A while back on Homebrew Talk, I read a post where a guy claimed that the combination of brown rice syrup and buckwheat honey made a perfect “malt” base for gluten free beers. I finally got around to trying it out myself. The beer that resulted is pretty tasty. It has been too long since I had a “brown ale” so I can’t really remember how they taste but this is good. I found it pairs especially well with some cheese and salami/pepperoni–something spicy.
Here is the recipe:
- 2lb Sorghum Syrup
- 2lb Rice Syrup Solids
- 1lb 8oz of Brown Sugar
- 13oz Buckwheat Honey
- 1oz of Fuggles @60 minutes
- .75oz of East Kent Goldings @ 15 minutes
- .25oz of East Kent Goldings @5 minutes
I think I used S-05 in this batch, I didn’t record it in my notes. Let go for approximately 2 weeks and then bottle with appropriate priming sugar.
This is the result:
I was disappointed in the color–but that is pretty much my only problem with this beer. It isn’t very “brown.” I had counted on the Buckwheat honey adding a lot of color, it is very dark, but it seems to have settled out. Certainly it cleared up nicely. Cheers!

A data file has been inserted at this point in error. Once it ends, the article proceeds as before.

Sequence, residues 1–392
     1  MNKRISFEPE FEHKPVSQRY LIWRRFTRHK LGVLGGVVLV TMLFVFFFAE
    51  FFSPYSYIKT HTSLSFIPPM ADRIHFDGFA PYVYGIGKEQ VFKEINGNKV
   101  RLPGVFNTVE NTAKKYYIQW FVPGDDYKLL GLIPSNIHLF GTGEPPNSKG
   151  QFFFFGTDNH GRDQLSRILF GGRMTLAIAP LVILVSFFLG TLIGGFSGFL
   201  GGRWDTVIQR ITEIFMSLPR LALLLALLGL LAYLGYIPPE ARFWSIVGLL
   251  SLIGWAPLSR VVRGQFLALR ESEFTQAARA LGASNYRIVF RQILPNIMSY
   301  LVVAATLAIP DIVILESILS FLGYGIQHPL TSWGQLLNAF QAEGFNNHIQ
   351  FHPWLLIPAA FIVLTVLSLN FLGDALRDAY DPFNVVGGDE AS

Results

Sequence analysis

Currently, there seems to be a bit of a rage when it comes to adding hops to your cider. The way the hops are added is a technique known as “dry-hopping.” Dry-hopping is when you add the hops to your brew post-boil. I first made a dry-hopped cider about a year ago and loved it. Since then, it has become a regular in my line-up of brews. The first batch I made was a 3 gallon batch. For whatever reason, I keep making 3 gallon batches of this instead of upping it to 5 gallons. I guess I am a creature of habit. Here is my 3 gallon recipe for dry-hopped cider.
- 3 gallons of apple juice or cider poured into the fermenting bucket.
- 2lbs of sugar (I usually use dark sugar).
- Yeast (S-04, S-05 or Nottingham). I ALWAYS use ale yeast for my cider.
- 1oz hops
After it ferments for 2 weeks I add 1oz of hops. Yes, 1 oz of hops. I initially started out with .5oz but kept increasing it and I have found 1oz for 3 gallons is just perfect. Every time I have made this I use cascade hops. Let that go another week, then remove the hops, transfer to bottling bucket and bottle. I don’t add any priming sugar. This makes it slightly carbonated, dry with a strong apple-grass flavor that is wonderful.
I just made a batch of this and will be trying out Hallertau hops as an experiment to see how it tastes and what difference it impacts from my normal use of cascade hops.